Ahead of the verdict, he warned that "if the constitutional court rules to scrap paragraph 217, it could embolden individuals who assist with suicides and that could be a dangerous development for society." He fears that many terminally ill individuals could choose assisted suicide so as not to burden anyone. And he stresses that nobody must ever feel pressured into taking such a step. In his opinion, assisted suicide should always be an absolute last resort.
What did Germany's top court decide?
The country‘s top court on February 26 ruled that paragraph 217 is incompatible with the constitution, making assisted suicide once more possible in Germany, as it previously was. The verdict opens the door to legislation that would allow doctors to counsel patients about this option and provide them with lethal drugs, yet not administer them.
The court found that individuals have a right to "self-determined" suicide, including the freedom to take one's own life and to enlist organized services provided by third parties.
Leading advocate dies before historic ruling
Uwe-Christian Arnold was one of Germany's leading assisted suicide advocates. The Berlin urologist, who died in April 2019, once accused German lawmakers and healthcare decision-makers of a pre-Enlightenment mindset when he asked: "How can people, who have never been afflicted by a serious illness themselves, be so brazen as to judge whether a person's life is still worth living?"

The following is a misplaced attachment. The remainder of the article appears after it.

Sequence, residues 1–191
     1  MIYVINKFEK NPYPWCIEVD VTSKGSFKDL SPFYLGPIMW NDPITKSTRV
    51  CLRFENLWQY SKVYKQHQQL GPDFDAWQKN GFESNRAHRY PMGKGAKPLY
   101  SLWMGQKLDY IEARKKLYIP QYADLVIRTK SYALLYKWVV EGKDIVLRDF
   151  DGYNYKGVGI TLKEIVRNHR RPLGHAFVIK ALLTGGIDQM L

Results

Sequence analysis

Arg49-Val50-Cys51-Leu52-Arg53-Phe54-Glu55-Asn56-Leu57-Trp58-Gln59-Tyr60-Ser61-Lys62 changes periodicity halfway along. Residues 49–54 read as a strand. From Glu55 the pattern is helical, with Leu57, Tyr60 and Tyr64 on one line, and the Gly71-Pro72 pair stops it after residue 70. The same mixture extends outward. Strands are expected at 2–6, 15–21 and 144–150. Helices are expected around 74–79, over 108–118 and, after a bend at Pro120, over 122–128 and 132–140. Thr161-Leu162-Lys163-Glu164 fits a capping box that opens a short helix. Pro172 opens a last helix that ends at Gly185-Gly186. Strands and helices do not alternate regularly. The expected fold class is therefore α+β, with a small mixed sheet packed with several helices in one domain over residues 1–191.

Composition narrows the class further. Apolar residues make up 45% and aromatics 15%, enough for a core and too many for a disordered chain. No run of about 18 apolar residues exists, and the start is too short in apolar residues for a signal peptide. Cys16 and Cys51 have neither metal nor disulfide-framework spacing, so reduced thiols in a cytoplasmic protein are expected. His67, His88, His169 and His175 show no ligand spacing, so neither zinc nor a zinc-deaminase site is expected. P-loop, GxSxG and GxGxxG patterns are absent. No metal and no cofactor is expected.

He was convinced that terminally ill individuals, who are mentally healthy and have an autonomous mind, should be permitted to choose whether or not they want to end their lives in dignity. Arnold's role in helping others commit suicide, meanwhile, meant he constantly violated the Hippocratic Oath and thus risked losing his German medical license.
Arnold was repeatedly taken to court for his role in facilitating assisted suicides — and acquitted each time. He said that he assisted more than 100 individuals across Germany in ending their own lives — after first thoroughly vetting their mental ability to make the choice.
Arnold was one of the plaintiffs who called on Germany's top court to review the legality of paragraph 217. He had been scheduled to give a five-minute statement before the court in April 2019 regarding his role in facilitating assisted suicides. The president of Germany's constitutional court, Andreas Vosskuhle, had specifically asked Arnold to speak before the court to learn in which life situations patients express the desire to die by assisted suicide and how physicians deal with such wishes. But Arnold, who suffered from bone marrow cancer, passed away before he could address the court.
This article has been updated to reflect the German court ruling on February 26.
If you are suffering from emotional strain or suicidal thoughts, seek professional help. You can find information on where to find help, no matter where you live in the world, at this website: www.befrienders.org